Now, he says, he is “100 per cent” behind Ed Miliband, supporting in particular his reform of the links between Labour and the unions, including a “one member, one vote” system for party leadership elections and an end to the automatic Labour affiliation of union members.

He concedes, however, that the Labour leader trails his brother in style and presentation and “maybe is not as able to connect [with people] as strongly as David can. It’s not his strong point.” He continues: “I can’t pretend that, knocking on doors, people come out and they’re really enthusiastic about Ed.”

He believes that Miliband needs to project a more engaging image to voters and at the same time retain a sense of authen­ticity, which happens to be Johnson’s
greatest asset. “With him [Miliband] being classified as a geek – which may turn out to be a very cool thing to do; I’ve seen T-shirts with ‘I’m a geek and proud of it’ – he’s going to have to overcome that. What he mustn’t do is try to pretend he’s something he’s not.”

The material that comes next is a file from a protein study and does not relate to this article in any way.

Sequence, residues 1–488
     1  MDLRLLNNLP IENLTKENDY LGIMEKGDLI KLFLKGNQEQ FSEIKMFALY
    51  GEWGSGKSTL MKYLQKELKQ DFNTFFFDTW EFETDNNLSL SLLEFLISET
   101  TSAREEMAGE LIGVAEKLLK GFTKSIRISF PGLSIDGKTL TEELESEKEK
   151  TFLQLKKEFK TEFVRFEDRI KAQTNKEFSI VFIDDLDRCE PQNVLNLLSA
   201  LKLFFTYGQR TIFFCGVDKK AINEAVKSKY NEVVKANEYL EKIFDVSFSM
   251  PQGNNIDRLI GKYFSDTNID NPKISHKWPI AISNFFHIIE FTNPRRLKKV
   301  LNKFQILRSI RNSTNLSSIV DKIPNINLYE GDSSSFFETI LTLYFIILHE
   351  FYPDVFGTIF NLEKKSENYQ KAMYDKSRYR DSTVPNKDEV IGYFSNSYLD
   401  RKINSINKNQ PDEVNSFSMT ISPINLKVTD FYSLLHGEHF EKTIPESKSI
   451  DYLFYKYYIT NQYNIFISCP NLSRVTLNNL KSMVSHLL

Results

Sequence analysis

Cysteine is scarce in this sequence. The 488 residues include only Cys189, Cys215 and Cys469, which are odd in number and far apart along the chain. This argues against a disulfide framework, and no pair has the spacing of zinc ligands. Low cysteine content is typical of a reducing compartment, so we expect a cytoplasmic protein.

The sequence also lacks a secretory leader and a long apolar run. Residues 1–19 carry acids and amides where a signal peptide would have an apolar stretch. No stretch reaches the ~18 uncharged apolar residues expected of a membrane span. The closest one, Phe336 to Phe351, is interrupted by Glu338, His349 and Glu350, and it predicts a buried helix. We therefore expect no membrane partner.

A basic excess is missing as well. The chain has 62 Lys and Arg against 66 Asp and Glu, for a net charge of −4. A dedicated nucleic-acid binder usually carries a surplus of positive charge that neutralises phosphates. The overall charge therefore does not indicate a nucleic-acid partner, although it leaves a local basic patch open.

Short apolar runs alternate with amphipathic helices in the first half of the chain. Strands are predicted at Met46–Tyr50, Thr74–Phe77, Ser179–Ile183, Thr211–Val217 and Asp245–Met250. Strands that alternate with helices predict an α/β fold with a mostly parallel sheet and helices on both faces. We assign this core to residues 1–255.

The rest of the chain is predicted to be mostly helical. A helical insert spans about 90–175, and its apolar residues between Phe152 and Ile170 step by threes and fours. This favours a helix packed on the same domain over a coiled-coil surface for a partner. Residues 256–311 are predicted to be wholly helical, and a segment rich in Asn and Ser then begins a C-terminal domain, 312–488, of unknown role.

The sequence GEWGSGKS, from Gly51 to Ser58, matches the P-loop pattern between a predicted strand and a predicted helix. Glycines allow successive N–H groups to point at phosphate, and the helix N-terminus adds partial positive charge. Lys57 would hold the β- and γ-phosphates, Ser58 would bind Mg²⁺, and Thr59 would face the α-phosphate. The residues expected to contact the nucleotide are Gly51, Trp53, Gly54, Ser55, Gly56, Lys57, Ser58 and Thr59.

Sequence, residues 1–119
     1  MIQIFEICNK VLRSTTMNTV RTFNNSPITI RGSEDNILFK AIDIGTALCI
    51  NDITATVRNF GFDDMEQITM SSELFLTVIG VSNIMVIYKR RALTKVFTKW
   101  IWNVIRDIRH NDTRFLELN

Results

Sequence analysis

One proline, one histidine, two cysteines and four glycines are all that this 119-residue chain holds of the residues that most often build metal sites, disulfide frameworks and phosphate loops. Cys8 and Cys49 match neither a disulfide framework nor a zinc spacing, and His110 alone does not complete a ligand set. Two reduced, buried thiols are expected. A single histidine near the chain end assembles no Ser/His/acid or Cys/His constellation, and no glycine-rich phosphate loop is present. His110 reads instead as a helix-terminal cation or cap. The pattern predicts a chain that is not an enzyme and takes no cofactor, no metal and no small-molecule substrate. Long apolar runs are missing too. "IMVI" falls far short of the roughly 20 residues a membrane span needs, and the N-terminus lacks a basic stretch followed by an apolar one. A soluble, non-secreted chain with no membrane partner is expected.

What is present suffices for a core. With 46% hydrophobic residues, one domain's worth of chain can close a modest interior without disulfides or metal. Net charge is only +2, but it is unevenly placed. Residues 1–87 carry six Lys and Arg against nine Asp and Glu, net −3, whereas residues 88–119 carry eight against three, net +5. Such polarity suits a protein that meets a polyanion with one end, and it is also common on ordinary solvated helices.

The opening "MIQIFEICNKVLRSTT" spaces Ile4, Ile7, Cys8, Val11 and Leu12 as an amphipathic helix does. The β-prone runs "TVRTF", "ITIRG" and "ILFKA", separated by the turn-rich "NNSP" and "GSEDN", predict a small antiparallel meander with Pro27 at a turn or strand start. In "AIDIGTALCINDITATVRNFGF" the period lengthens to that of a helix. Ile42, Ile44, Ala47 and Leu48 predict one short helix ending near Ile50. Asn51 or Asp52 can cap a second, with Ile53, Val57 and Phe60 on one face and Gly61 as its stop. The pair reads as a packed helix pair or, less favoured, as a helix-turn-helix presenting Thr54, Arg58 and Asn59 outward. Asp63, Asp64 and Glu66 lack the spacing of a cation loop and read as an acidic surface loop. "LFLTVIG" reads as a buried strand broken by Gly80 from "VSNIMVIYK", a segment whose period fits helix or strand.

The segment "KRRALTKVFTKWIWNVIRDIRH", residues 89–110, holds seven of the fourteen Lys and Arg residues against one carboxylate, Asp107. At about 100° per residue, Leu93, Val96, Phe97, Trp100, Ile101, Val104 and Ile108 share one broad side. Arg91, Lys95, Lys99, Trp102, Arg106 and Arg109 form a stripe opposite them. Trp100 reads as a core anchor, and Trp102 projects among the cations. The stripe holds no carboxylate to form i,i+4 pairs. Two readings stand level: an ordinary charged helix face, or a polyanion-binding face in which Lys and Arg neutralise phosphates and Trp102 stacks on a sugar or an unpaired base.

He is encouraged that the Labour leader “doesn’t get carried away when things are going wrong, doesn’t get despondent when things are going badly. So he’s got the temperament.”

He is hopeful that the US election guru David Axelrod, the strategist integral to Barack Obama’s first and second presidential campaign triumphs, can help Miliband. Johnson says Axelrod’s recruitment “was designed to deal perhaps with some of the [presentation] problems we’ve been talking about . . . Policy is just a part of it. It’s image and how you come across – that’s very important.”